HumanInsight A Versatile and Scalable Platform That Streamlines Data Collection for Patient-Centered Studies: Usability and Feasibility Study
JMIR Form Res. 2022 Sep 14;6(9):e38579. doi: 10.2196/38579.
BACKGROUND: The Food and Drug Administration Center for Biologics Evaluation and Research (CBER) established the Biologics Effectiveness and Safety (BEST) Initiative with several objectives, including the expansion and enhancement of CBER's access to fit-for-purpose data sources, analytics, tools, and infrastructures to improve the understanding of patient experiences with conditions related to CBER-regulated products. Owing to existing challenges in data collection, especially for rare disease research, CBER recognized the need for a comprehensive platform where study coordinators can engage with study participants and design and deploy studies while patients or caregivers could enroll, consent, and securely participate as well.
OBJECTIVE: This study aimed to increase awareness and describe the design, development, and novelty of the Survey of Health and Patient Experience (SHAPE) platform, its functionality and application, quality improvement efforts, open-source availability, and plans for enhancement.
METHODS: SHAPE is hosted in a Google Cloud environment and comprises 3 parts: the administrator application, participant app, and application programming interface. The administrator can build a study comprising a set of questionnaires and self-report entries through the app. Once the study is deployed, the participant can access the app, consent to the study, and complete its components. To build SHAPE to be scalable and flexible, we leveraged the open-source software development kit, Ionic Framework. This enabled the building and deploying of apps across platforms, including iOS, Android, and progressive web applications, from a single codebase by using standardized web technologies. SHAPE has been integrated with a leading Health Level 7 (HL7®) Fast Healthcare Interoperability Resources (FHIR®) application programming interface platform, 1upHealth, which allows participants to consent to 1-time data pull of their electronic health records. We used an agile-based process that engaged multiple stakeholders in SHAPE's design and development.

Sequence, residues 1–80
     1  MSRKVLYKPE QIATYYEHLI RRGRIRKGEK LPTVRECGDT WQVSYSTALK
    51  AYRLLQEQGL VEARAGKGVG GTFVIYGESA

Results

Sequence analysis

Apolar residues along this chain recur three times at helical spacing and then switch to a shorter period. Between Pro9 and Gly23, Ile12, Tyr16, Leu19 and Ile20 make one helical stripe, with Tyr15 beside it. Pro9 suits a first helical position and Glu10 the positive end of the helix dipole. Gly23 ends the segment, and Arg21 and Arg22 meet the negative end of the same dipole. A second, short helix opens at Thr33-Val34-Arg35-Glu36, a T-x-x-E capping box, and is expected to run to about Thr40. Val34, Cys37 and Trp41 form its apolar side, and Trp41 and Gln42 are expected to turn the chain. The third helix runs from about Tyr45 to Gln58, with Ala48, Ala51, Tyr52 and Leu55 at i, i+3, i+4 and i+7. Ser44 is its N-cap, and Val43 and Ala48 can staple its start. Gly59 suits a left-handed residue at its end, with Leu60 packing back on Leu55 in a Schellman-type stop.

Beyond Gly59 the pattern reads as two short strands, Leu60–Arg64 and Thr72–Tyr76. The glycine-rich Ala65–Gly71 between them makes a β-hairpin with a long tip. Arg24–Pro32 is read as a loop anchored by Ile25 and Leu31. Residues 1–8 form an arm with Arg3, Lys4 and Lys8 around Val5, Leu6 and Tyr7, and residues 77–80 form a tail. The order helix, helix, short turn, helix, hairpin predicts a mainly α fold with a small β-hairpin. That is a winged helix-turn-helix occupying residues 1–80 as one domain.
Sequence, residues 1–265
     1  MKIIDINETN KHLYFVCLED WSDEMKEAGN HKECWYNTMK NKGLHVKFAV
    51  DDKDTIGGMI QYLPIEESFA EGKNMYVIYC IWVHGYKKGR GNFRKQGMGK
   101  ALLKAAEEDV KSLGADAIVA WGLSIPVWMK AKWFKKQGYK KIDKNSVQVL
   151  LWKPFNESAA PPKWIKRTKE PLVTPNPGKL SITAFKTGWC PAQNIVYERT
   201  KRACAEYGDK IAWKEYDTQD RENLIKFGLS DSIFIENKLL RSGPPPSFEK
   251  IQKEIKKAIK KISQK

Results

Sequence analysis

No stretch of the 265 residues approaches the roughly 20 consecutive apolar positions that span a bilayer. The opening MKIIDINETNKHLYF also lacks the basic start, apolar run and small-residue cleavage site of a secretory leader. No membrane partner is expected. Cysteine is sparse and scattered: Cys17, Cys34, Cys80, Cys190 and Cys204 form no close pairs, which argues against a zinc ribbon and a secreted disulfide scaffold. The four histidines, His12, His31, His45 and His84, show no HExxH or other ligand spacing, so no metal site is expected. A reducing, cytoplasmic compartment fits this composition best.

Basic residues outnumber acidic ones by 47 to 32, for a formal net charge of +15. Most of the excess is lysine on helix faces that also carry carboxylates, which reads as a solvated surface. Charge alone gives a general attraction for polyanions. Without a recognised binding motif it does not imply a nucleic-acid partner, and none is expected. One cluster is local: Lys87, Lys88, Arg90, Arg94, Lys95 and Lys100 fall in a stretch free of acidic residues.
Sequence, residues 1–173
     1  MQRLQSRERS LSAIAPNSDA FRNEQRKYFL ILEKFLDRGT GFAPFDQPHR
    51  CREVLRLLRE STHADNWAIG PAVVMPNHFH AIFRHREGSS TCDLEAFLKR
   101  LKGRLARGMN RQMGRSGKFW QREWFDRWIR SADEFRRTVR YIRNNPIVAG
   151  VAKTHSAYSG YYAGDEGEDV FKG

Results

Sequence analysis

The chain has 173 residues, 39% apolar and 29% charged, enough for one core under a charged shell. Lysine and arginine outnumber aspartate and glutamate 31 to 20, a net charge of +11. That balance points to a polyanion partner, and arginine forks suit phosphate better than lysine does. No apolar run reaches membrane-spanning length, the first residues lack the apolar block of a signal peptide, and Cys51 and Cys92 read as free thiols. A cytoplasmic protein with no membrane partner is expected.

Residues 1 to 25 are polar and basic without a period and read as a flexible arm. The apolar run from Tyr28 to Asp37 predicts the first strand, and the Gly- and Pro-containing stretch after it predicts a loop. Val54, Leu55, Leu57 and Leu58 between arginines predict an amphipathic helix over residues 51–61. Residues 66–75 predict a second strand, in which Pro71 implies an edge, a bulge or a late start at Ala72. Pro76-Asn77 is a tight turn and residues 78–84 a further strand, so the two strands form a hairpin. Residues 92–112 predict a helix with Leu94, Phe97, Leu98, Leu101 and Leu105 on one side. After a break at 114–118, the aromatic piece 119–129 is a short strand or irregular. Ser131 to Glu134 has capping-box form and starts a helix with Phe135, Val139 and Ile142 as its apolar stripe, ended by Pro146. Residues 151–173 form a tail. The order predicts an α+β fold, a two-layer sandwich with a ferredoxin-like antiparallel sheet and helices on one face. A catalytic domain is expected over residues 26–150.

RESULTS: SHAPE allows study coordinators to plan, develop, and deploy questionnaires to obtain important end points directly from patients or caregivers. Electronic health record integration enables access to patient health records, which can validate and enhance the accuracy of data-capture methods. The administrator can then download the study data into HL7® FHIR®-formatted JSON files. In this paper, we illustrate how study coordinators can use SHAPE to design patient-centered studies. We demonstrate its broad applicability through a hypothetical type 1 diabetes cohort study and an ongoing pilot study on metachromatic leukodystrophy to implement best practices for designing a regulatory-grade natural history study for rare diseases.
CONCLUSIONS: SHAPE is an intuitive and comprehensive data-collection tool for a variety of clinical studies. Further customization of this versatile and scalable platform allows for multiple use cases. SHAPE can capture patient perspectives and clinical data, thereby providing regulators, clinicians, researchers, and patient advocacy organizations with data to inform drug development and improve patient outcomes.
PMID:36103218 | DOI:10.2196/38579
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